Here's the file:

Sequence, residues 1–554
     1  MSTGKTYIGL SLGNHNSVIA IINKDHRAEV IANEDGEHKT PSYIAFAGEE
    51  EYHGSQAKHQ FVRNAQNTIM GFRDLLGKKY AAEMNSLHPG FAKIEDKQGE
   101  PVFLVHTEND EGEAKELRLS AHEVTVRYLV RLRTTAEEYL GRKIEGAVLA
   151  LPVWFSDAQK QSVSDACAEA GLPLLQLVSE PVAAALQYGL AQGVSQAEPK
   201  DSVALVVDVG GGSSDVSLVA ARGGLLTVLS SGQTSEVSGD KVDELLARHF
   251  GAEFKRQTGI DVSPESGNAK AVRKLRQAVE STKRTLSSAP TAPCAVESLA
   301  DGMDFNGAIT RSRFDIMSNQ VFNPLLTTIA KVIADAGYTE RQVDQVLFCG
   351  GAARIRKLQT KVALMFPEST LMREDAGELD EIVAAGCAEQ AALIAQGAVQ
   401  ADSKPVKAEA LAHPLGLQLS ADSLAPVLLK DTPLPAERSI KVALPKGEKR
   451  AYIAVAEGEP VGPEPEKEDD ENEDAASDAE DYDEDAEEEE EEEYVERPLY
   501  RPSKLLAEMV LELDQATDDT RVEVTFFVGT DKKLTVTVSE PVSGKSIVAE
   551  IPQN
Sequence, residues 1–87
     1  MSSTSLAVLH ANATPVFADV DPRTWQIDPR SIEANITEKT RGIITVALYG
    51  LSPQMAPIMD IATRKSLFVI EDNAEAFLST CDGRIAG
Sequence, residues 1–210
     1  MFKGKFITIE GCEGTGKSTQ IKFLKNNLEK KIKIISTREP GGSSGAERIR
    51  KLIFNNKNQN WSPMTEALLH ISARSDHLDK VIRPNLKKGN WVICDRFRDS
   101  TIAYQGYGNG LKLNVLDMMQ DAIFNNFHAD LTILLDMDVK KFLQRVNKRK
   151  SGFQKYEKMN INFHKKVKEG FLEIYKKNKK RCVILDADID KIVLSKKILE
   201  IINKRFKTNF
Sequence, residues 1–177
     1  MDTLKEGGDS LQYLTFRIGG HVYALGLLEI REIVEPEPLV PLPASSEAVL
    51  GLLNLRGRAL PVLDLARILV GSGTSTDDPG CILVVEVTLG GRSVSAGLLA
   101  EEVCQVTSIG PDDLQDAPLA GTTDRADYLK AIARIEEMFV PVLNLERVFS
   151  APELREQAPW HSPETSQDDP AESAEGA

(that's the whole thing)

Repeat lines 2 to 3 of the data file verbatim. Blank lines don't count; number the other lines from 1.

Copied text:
     1  MSTGKTYIGL SLGNHNSVIA IINKDHRAEV IANEDGEHKT PSYIAFAGEE
    51  EYHGSQAKHQ FVRNAQNTIM GFRDLLGKKY AAEMNSLHPG FAKIEDKQGE